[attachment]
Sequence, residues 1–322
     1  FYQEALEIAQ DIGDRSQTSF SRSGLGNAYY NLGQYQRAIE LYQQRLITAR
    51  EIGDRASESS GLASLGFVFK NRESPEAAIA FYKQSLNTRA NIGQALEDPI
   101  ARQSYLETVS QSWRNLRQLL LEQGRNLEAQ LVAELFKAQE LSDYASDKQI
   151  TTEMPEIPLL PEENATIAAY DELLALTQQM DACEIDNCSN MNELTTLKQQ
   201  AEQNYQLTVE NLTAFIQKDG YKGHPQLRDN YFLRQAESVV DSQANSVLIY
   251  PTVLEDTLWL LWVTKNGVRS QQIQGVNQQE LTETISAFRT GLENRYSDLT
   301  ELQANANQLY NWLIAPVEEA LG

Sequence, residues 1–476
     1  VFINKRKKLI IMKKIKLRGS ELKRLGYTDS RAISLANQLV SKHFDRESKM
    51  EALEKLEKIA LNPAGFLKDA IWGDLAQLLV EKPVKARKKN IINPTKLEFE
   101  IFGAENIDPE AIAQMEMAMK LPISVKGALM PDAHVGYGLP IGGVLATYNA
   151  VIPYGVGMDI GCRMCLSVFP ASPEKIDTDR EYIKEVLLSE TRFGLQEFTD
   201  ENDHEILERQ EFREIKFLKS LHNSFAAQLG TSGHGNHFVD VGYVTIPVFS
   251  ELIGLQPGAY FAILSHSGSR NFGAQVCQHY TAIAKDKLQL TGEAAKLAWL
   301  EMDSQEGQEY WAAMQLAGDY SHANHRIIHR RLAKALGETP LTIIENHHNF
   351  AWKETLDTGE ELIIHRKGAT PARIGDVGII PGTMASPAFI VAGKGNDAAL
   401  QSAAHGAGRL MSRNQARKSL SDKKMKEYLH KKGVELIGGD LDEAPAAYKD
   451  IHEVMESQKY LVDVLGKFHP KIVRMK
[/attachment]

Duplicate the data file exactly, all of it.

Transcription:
Sequence, residues 1–322
     1  FYQEALEIAQ DIGDRSQTSF SRSGLGNAYY NLGQYQRAIE LYQQRLITAR
    51  EIGDRASESS GLASLGFVFK NRESPEAAIA FYKQSLNTRA NIGQALEDPI
   101  ARQSYLETVS QSWRNLRQLL LEQGRNLEAQ LVAELFKAQE LSDYASDKQI
   151  TTEMPEIPLL PEENATIAAY DELLALTQQM DACEIDNCSN MNELTTLKQQ
   201  AEQNYQLTVE NLTAFIQKDG YKGHPQLRDN YFLRQAESVV DSQANSVLIY
   251  PTVLEDTLWL LWVTKNGVRS QQIQGVNQQE LTETISAFRT GLENRYSDLT
   301  ELQANANQLY NWLIAPVEEA LG

Sequence, residues 1–476
     1  VFINKRKKLI IMKKIKLRGS ELKRLGYTDS RAISLANQLV SKHFDRESKM
    51  EALEKLEKIA LNPAGFLKDA IWGDLAQLLV EKPVKARKKN IINPTKLEFE
   101  IFGAENIDPE AIAQMEMAMK LPISVKGALM PDAHVGYGLP IGGVLATYNA
   151  VIPYGVGMDI GCRMCLSVFP ASPEKIDTDR EYIKEVLLSE TRFGLQEFTD
   201  ENDHEILERQ EFREIKFLKS LHNSFAAQLG TSGHGNHFVD VGYVTIPVFS
   251  ELIGLQPGAY FAILSHSGSR NFGAQVCQHY TAIAKDKLQL TGEAAKLAWL
   301  EMDSQEGQEY WAAMQLAGDY SHANHRIIHR RLAKALGETP LTIIENHHNF
   351  AWKETLDTGE ELIIHRKGAT PARIGDVGII PGTMASPAFI VAGKGNDAAL
   401  QSAAHGAGRL MSRNQARKSL SDKKMKEYLH KKGVELIGGD LDEAPAAYKD
   451  IHEVMESQKY LVDVLGKFHP KIVRMK